Improved Neural Coding of ITD with Bilateral Cochlear Implants by Introducing Short Inter-pulse Intervals.

J Assoc Res Otolaryngol 2018 Dec 6;19(6):681-702. Epub 2018 Sep 6.

Eaton-Peabody Laboratories, Massachusetts Eye & Ear, 243 Charles St, Boston, MA, 02114, USA.

Bilateral cochlear implant (CI) users have poor perceptual sensitivity to interaural time differences (ITDs), which limits their ability to localize sounds and understand speech in noisy environments. This is especially true for high-rate (> 300 pps) periodic pulse trains, which are used as carriers in CI processors. Here, we investigate a novel stimulation strategy in which extra pulses are added to high-rate periodic pulse trains to introduce short inter-pulse intervals (SIPIs). Read More

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http://dx.doi.org/10.1007/s10162-018-00693-0DOI Listing
http://www.ncbi.nlm.nih.gov/pmc/articles/PMC6249155PMC
December 2018
1 Read

Otoprotective Effects of Stephania tetrandra S. Moore Herb Isolate against Acoustic Trauma.

J Assoc Res Otolaryngol 2018 Dec 5;19(6):653-668. Epub 2018 Sep 5.

Translational Research Center, Northeast Ohio Medical University, Rootstown, OH, 44272, USA.

Noise is the most common occupational and environmental hazard, and noise-induced hearing loss (NIHL) is the second most common form of sensorineural hearing deficit. Although therapeutics that target the free-radical pathway have shown promise, none of these compounds is currently approved against NIHL by the United States Food and Drug Administration. The present study has demonstrated that tetrandrine (TET), a traditional Chinese medicinal alkaloid and the main chemical isolate of the Stephania tetrandra S. Read More

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http://dx.doi.org/10.1007/s10162-018-00690-3DOI Listing
http://www.ncbi.nlm.nih.gov/pmc/articles/PMC6249158PMC
December 2018
6 Reads

Correction to: Effect of Stimulus Polarity on Detection Thresholds in Cochlear Implant Users: Relationships with Average Threshold, Gap Detection, and Rate Discrimination.

J Assoc Res Otolaryngol 2018 10;19(5):569

Department of Speech and Hearing Sciences, University of Washington, 1417 NE 42nd St, Seattle, WA, 98105, USA.

The middle initial of Julie G. Arenberg's name was incorrect in the original publication; it is correct as displayed here. Read More

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http://link.springer.com/10.1007/s10162-018-00695-y
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http://dx.doi.org/10.1007/s10162-018-00695-yDOI Listing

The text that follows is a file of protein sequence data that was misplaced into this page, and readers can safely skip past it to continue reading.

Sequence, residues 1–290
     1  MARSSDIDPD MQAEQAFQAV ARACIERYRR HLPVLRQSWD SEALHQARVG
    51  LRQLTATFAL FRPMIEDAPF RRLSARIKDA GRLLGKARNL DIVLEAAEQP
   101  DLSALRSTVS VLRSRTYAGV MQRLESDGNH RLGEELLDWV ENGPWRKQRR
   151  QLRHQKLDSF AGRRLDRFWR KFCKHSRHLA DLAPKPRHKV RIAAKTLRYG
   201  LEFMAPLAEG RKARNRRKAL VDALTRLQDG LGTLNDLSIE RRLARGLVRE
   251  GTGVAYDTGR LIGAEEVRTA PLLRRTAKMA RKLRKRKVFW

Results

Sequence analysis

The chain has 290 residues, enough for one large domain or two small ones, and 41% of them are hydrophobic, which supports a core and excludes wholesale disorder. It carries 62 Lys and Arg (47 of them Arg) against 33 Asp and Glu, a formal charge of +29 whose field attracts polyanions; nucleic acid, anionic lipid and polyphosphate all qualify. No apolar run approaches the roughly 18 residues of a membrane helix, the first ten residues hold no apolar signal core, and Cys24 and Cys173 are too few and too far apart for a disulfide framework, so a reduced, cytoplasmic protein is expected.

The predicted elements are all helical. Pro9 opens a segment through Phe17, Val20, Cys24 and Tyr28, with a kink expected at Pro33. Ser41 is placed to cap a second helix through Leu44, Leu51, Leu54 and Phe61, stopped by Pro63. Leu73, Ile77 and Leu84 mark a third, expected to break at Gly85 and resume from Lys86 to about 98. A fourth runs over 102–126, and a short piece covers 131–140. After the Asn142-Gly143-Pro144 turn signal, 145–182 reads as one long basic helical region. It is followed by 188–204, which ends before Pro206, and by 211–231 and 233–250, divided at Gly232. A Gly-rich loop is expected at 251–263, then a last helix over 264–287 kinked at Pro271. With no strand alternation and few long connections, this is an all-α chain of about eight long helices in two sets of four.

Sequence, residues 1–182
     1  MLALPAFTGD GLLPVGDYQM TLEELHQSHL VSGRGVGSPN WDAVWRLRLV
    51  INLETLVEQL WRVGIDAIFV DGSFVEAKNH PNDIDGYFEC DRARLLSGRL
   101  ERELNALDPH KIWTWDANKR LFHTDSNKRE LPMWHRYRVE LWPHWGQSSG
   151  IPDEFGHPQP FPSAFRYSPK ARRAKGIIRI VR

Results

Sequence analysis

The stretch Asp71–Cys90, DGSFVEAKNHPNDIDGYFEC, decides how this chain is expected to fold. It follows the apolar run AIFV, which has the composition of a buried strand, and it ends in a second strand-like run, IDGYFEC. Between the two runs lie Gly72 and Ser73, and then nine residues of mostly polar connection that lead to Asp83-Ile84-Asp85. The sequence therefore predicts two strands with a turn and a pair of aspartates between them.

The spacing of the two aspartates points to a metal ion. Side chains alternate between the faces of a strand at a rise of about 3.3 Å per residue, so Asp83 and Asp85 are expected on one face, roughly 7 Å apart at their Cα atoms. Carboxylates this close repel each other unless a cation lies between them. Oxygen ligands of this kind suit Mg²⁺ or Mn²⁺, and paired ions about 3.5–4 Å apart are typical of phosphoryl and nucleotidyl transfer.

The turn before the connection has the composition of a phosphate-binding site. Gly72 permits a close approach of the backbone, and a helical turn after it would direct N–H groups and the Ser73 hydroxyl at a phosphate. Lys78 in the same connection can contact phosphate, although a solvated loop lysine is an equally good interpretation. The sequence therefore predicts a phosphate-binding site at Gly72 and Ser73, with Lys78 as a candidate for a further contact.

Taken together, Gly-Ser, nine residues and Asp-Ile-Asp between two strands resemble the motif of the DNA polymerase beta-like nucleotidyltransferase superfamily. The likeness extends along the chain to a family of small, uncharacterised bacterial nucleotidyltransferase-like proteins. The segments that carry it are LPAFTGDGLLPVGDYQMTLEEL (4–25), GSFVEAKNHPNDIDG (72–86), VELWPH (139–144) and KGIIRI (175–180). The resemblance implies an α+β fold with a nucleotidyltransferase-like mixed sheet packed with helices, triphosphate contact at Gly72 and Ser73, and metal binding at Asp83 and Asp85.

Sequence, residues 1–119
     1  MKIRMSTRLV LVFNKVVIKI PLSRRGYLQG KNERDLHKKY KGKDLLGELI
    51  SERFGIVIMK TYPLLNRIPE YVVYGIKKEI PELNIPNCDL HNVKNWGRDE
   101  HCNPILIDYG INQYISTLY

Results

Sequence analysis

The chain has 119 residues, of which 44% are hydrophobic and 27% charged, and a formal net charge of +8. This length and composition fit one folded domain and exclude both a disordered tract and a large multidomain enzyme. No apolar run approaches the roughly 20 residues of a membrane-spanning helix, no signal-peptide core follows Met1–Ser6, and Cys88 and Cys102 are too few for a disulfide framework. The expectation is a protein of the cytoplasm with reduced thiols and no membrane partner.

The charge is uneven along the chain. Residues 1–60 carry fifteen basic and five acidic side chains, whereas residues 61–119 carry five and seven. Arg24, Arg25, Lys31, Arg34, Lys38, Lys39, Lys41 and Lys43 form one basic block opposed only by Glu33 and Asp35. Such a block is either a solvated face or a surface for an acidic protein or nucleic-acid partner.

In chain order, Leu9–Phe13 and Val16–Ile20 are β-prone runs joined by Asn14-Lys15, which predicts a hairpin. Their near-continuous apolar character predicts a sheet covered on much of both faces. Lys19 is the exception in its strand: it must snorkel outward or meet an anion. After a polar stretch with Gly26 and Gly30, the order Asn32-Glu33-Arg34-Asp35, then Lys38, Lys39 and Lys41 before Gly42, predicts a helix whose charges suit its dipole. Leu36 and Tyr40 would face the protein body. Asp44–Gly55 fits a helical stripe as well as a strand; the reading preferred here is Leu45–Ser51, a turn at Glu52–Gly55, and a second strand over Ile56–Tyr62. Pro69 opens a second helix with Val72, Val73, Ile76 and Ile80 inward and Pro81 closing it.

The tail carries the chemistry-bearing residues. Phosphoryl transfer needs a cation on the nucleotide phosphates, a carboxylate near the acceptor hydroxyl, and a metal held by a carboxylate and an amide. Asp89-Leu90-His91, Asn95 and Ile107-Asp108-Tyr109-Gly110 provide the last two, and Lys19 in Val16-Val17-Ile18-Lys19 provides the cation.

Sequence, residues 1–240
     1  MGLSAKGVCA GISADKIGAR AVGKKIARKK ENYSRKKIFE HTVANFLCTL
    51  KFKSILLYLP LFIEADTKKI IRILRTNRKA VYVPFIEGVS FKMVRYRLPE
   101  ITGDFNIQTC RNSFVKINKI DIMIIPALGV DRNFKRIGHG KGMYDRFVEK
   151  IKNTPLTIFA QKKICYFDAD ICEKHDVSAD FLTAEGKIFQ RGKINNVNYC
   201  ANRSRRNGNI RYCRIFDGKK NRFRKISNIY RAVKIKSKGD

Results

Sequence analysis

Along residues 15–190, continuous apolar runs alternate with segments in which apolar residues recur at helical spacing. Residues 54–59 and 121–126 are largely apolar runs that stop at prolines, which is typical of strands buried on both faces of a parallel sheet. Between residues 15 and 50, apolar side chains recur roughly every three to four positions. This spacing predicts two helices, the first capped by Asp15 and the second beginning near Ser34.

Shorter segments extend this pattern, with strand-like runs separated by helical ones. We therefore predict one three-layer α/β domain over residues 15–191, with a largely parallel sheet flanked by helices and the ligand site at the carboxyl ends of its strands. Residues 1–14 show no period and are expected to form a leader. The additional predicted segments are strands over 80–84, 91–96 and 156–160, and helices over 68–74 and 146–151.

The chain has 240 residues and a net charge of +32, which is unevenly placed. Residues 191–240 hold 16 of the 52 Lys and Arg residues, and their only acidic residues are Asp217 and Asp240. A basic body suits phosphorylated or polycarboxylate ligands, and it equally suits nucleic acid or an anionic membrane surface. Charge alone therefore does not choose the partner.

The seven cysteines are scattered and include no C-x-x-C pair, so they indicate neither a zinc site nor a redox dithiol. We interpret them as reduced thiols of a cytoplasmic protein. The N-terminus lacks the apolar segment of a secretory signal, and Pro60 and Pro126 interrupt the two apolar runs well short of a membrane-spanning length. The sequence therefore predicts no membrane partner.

http://www.ncbi.nlm.nih.gov/pmc/articles/PMC6226414PMC
October 2018
3 Reads

Intracochlear Sound Pressure Measurements in Normal Human Temporal Bones During Bone Conduction Stimulation.

J Assoc Res Otolaryngol 2018 10 31;19(5):523-539. Epub 2018 Aug 31.

Department of Otolaryngology, Harvard Medical School, Boston, MA, USA.

Bone conduction (BC) is heavily relied upon in the diagnosis and treatment of hearing loss, but is poorly understood. For example, the relative importance and frequency dependence of various identified BC sound transmission mechanisms that contribute to activate the cochlear partition remain unknown. Recently, we have developed techniques in fresh human cadaveric specimens to directly measure scalae pressures with micro-fiberoptic sensors, enabling us to monitor the input pressure drive across the cochlear partition that triggers the cochlear traveling wave during air conduction (AC) and round-window stimulation. Read More

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http://link.springer.com/10.1007/s10162-018-00684-1
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http://dx.doi.org/10.1007/s10162-018-00684-1DOI Listing
http://www.ncbi.nlm.nih.gov/pmc/articles/PMC6226413PMC
October 2018
5 Reads

Effects of 3,3'-Iminodipropionitrile on Hair Cell Numbers in Cristae of CBA/CaJ and C57BL/6J Mice.

J Assoc Res Otolaryngol 2018 10 31;19(5):483-491. Epub 2018 Aug 31.

Department of Biological Structure, University of Washington, 1959 NE Pacific St., Box 357420, Seattle, WA, 98195, USA.

This study examines absolute hair cell numbers in the cristae of C57BL/6J mice and CBA/CaJ mice from weaning to adulthood as well as the dose required for 3,3'-iminodiproprionitrile (IDPN)-injury of the cristae in C57BL/6J mice and CBA/CaJ mice, the two mouse strains most commonly used by inner ear researchers. In cristae of CBA/CaJ and C57BL/6J mice, no loss of hair cells was observed up to 24 weeks. In both strains, dose-dependent loss of hair cells was observed 7 days after IDPN treatment of 2-month-old mice (IC = 16. Read More

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http://dx.doi.org/10.1007/s10162-018-00687-yDOI Listing
http://www.ncbi.nlm.nih.gov/pmc/articles/PMC6226411PMC
October 2018
9 Reads

Effects of Masker Envelope Fluctuations on the Temporal Effect.

J Assoc Res Otolaryngol 2018 Dec 20;19(6):717-727. Epub 2018 Aug 20.

Department of Communication Sciences and Disorders, The University of Utah, 390 South, 1530 East, BEHS 1201, Salt Lake City, UT, 84112, USA.